On that same PC, he booted up Medieval II: Total War for me as well. Shogun Total War is one of my all-time favorite games, and I eventually hope to own the entire Total War series. Until then, however, this small taste will have to tide me over. Simply put, I can’t wait. It’s worth noting, however, that this game (from what I could tell) was more of what I was used to playing Shogun, just beefed up and expanded. That’s not to take away from the game at all – in fact, I see it as a compliment. I hope to spend many future hours with Medieval II and the whole series.

A few memories of old Tom Clancy games. My brother-in-law had the gold edition of the first Rainbow Six – a title I used to own – with all his other games. I never could really get into that game. If I had to nail it down, it probably was because I wasn’t that good at it. All the planning, all the map points, all the trial and error – it just didn’t add up to a fun experience. It came down to me executing a well-laid plan – and then doing just as well without said plan and shooting anything that moved.

I had to take back Band of Brothers. I appreciate the need to be realistic, but having the characters swear at least once every sentence made me pop and game out and take it right back to the store. To be fair, the first sequence in the game drops you right in the middle of a battle, and there’s no doubt a heavy amount of loud swearing would be taking place in that situation. Also, to be fair, I’m a father now – and I can’t have that crap on in the background. It’s too bad – I was really looking forward to getting into that game for awhile.

Currently playing Lord of the Rings: The Third Age, and I’m stuck at the second battle against Gothmog. I know I’ll re-visit this thought when I finish the game, but it’s not really “fun” to play. I love the source material, but that’s what carries me through. On its own, I would have stopped playing a while ago. There are some perks that stick out, and I’m glad I’ve been able to see them: 1.) Fighting (or playing as) the Balrog was sweet. His animation is done extremely well; I really feel like he’s a powerful enemy when he steps up to the plate. 2.) A sense of “being there.” Oh, it doesn’t happen a lot in the game – but when the sunset hits the wall of Helm’s Deep just right, I feel like I’m in the movie. 3.) Since the characters are the same models used in The Two Towers and Return of the King, I feel like I’m playing with weather-worn friends when they show up. I played as those characters for hours on the other games, so there’s a “welcome back” feeling when they join my party for a battle in The Third Age.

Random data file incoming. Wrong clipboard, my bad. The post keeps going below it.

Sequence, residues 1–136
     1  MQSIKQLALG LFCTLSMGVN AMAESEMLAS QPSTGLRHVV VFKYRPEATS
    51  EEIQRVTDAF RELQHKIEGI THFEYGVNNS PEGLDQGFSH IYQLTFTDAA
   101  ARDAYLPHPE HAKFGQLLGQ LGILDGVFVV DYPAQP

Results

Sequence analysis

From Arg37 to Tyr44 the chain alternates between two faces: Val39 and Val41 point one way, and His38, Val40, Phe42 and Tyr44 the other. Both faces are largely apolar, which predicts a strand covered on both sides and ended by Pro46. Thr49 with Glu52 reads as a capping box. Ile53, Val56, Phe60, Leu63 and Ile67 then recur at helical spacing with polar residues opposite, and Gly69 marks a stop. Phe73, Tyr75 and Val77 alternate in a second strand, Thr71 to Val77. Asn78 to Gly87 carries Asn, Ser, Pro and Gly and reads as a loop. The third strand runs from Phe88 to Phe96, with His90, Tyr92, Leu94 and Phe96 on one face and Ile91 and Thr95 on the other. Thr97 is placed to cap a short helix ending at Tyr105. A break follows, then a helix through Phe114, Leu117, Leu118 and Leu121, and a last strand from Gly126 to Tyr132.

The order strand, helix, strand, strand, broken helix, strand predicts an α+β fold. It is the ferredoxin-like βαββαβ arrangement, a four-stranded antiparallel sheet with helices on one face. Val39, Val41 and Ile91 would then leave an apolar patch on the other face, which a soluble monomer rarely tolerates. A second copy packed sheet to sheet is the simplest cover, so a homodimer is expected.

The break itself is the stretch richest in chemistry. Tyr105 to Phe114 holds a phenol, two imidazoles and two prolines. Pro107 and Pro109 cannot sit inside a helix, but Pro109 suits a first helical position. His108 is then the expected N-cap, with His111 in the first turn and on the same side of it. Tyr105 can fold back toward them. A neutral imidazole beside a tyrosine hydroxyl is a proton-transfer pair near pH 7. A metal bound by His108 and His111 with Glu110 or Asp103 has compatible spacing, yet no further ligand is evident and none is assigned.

Unfortunately, a strong feeling of being boxed in by the game, big differences in difficulty from one second to the next, and a weak story (with Tolkien’s literature as a backdrop? How could they have a weak story?!) crush any of these small joys from making it a fun game. Will I ever finish it? Yes. Will I ever play it again? No.

We had a couple over this past Friday and they brought the Wii. I’ve been able to play the Wii at several friends’ houses’ and I really enjoy the console. I mean, you’ve got to love a gaming system that makes bowling that fun. My wife and I were also able to introduce them to Halo, and that was a lot of fun as well. I love that moment when someone says, “Well, we better get going…what time is it…12:40!? Just one of the many reasons why I enjoy this form of entertainment.

Warmed up Fable: The Lost Chapters and Metal Gear Solid 2: Sons of Liberty: Substance this past weekend. Not really playing, just looking around. I wandered around a little in Fable, and watched the cut scenes from MGS2. I don’t have the time to play these games through again at this point, but a little remembrance tour always makes me feel good.

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Of Gladius and guilt

Originally posted at GameSpot on October 29, 2007

Guilty? Me? Does this even make sense? I find it amazing that even after nearly three years, I still have something that can best be described as guilt over returning Gladius to the store.

Where does this come from? Why would I even have these feelings after a decent amount of time has passed? I have a few theories:

-I want to know how it ends! I enjoy a good story – and games are no exception. This explains how I can have as much fun watching a game as well as playing (Metal Gear Solid), or how I can keep playing a game devoid of fun but from good source material (Star Trek: Klingon Academy).Gladius had a great story; slow-building but definitely there.